Personally, I view each cymbal that I make as a one-time performance that is captured in bronze. Making a cymbal is very similar to performing on any instrument. I use tempo, I use dynamics, I use my instrument(s), I use my body. What comes out in the end, as a cymbal, is the expression of everything that went into that performance. I put it out there, hoping that some drummer will like it, and like to play it.

Actually..... I hope for more, much more.

I hope to inspire music... any music,
Matt

 

jimilove5

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Zenstat,
Once upon the time there was an old farmer who had worked his crops for many years. One day his horse ran away. Upon hearing the news, his neighbors came to visit. Such bad luck, they said sympathetically.
Perhaps, the farmer replied.
The next morning the horse returned, bringing with it three other wild horses. What great luck! the neighbors exclaimed.
Perhaps, replied the old man.
The following day, his son tried to ride one of the untamed horses, was thrown, and broke his leg. The neighbors again came to offer their sympathy on his misfortune.
Perhaps, answered the farmer.
The day after, military officials came to the village to draft young men into the army. Seeing that the sons leg was broken, they passed him by. The neighbors congratulated the farmer on how well things had turned out.
Perhaps, said the farmer
 

Cliff DeArment

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Sorry folks, I should be more precise. Went into the full range of extreme hammering to no hammering. I've heard by a few saying "oh, that cymbal isn't hammered". We've seen the following from the 60's to 70's (at least me)... Hammering seen on both sides, hammered only on top, hammered only on the bottom (they're out there), or no hammering seen at all. That odd "theory" is that all of them might be hammered on both sides either way, possibly by more lathing. So, still feeling the Hartrick claim may be wrong. It would be nice to hear from Paul Francis. That would end any discussion.
 

Bri6366

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This is from the February 2000 "It's Questionable" section of Modern Drummer. It's an interesting explanation in the next to last paragraph of some perceived variations we see in cymbal hammering.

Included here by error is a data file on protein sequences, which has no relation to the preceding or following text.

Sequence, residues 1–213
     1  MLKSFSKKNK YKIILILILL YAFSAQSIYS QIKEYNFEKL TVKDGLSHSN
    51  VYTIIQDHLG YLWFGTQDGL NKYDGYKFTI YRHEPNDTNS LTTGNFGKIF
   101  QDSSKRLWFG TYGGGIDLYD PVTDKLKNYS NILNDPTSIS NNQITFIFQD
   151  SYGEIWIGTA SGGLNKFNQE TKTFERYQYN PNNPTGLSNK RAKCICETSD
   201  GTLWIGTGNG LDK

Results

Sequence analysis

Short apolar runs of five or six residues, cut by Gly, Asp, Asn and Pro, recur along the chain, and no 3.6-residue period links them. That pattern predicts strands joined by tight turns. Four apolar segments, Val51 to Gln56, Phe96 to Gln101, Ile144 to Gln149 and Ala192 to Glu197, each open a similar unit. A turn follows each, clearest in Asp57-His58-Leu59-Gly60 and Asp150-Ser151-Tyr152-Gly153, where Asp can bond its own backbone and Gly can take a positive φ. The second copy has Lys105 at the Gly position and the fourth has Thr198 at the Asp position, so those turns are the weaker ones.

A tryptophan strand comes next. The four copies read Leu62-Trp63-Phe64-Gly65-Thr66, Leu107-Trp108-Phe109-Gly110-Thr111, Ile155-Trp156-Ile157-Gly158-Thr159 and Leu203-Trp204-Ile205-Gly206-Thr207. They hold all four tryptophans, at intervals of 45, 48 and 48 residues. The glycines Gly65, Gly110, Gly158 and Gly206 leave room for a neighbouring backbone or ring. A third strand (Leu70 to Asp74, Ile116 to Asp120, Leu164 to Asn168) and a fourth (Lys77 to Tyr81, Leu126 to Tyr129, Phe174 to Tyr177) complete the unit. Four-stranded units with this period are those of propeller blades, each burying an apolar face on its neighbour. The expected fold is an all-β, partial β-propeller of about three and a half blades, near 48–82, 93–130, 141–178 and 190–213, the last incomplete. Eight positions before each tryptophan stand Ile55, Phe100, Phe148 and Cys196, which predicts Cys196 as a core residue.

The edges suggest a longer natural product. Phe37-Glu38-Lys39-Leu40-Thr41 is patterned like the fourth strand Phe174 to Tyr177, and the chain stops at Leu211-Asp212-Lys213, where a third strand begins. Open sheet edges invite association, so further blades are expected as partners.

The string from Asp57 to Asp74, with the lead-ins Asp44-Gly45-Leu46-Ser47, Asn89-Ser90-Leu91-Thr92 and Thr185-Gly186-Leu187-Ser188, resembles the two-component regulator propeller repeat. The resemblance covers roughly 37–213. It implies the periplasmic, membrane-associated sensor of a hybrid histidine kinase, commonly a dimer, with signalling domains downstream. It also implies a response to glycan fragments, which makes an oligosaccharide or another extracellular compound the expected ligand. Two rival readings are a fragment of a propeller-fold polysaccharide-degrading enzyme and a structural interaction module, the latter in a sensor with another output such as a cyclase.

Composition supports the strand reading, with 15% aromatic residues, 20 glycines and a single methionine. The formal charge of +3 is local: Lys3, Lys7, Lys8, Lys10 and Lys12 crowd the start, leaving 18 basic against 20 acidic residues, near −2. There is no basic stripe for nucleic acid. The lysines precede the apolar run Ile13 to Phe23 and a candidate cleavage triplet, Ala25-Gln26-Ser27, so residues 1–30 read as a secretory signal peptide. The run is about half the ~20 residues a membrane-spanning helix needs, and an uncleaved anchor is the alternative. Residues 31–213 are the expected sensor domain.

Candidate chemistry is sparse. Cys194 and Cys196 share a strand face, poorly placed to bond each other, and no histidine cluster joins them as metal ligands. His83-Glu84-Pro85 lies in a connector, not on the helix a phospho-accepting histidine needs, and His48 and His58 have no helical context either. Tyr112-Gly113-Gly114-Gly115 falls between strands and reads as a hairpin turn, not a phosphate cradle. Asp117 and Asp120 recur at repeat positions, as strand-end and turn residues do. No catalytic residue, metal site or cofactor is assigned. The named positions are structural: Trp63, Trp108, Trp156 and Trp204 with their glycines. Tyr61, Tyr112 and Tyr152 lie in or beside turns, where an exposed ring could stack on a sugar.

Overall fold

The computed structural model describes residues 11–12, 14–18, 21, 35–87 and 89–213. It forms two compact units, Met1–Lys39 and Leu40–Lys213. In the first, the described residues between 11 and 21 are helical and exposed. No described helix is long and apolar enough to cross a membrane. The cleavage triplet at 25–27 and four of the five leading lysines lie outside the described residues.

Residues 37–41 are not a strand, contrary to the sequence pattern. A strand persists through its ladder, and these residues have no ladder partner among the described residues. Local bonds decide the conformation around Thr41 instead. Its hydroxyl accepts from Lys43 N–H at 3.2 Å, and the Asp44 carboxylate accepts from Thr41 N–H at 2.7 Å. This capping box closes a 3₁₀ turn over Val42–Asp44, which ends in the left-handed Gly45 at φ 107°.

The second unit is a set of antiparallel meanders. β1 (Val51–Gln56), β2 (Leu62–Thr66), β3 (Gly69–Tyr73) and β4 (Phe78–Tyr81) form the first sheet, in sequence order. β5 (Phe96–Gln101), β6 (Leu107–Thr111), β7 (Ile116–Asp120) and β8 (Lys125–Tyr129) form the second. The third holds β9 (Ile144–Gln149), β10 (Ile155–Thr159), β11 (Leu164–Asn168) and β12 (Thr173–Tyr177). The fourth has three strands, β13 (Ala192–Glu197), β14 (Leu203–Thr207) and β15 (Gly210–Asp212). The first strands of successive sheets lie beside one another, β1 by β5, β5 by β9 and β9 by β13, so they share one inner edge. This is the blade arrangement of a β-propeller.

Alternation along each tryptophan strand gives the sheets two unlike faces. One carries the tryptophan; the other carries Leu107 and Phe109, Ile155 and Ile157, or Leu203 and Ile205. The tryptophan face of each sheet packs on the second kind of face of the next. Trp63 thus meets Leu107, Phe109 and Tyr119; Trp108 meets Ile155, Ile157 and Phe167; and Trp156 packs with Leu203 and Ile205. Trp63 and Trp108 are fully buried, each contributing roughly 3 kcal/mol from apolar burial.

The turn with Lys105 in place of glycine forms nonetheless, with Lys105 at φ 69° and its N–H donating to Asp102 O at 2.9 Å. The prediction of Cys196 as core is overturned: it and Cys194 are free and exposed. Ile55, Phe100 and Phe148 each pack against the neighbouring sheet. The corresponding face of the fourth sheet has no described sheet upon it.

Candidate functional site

Zildjian Mystery

Q
I have a question about my A
Zildjians. I bought a pair of 19" medium
crash cymbals in 1974. At least I
thought they were a pair; when I ordered
them there was to be no difference. I finally
gave in to cleaning them (twenty-five
years later) and discovered that they are not
the same. One is a normal A Zildjian, but
the other has a different hammering effect
on it. The hammering looks exactly like
that on my A Custom Ping Ride. What
gives? Upon further cleaning I discovered
that I also have a 16" crash, purchased in
1979, that has the same hammering design.
To top it all off I have two sets of 14" New
Beat hi-hats that I thought were the same.
But now I find out that one is hammered
and one is not. I don't recall any advertising
of different models back in the '70s, so
why did I end up with these different styles
of cymbals?
Bill Shine
via Internet

A
Zildjian's director of education, John
King, replies, "Your question concerning
variations in appearance of Zildjian
cymbals is a query that I respond to quite
frequently. The fact of the matter is that
very few changes in the Zildjian cymbal
making process have taken place over the
last 376 years. New technology has indeed
been implemented, but only with new cymbal
introductions that offer more "variations
on a theme" against the standard
models that Zildjian produces. We have
replaced the hand shaping technique
(which is very inconsistent) with the ability
to press in a perfect central shape with a machine, and then fine-tuning the proper
sound textures with our various hammering
techniques. All of our cymbal models continue
to use the same manufacturing
process once the criteria of that model has
been established.

The differences between your cymbals
reflects the fact that each of our cast cymbals
has its own identity. When the molten
alloy is poured, each casting has its own
density level. As these castings are heated
and rolled, they can be affected further by
atmospheric conditions such as temperature
and humidity, as well as by the timing
of when each casting is sent through the
rolling mill. Considering that the rolling
process occurs five to twelve times
(depending on the thickness needed for that
particular cymbal) these variables on the
castings are expanded further. This produces
a batch of cymbals that have varying
degrees of surface oxidation and density.
Even the amount of time it takes for those
"cymbal blanks" to get to the shaping,
hammering, and lathing processes will
change how each blank accepts those
processes. On top of all that, the relative
"sharpness" of the tooling being used, such
as hammer heads and lathing knives, is in a
state of constant change throughout the
process.

All of these variables are factored into
our specification sheets. This assures that
each cymbal model arrives within the sonic
parameters that we have set for it. After
those specifications have been verified to
accomplish what we want, the process does
not change from that point on. There are
times when hammering impressions might
be more or less visible between examples
of the same model, because of conditions I
have described above. But despite such
cosmetic differences, "the song always
remains the same."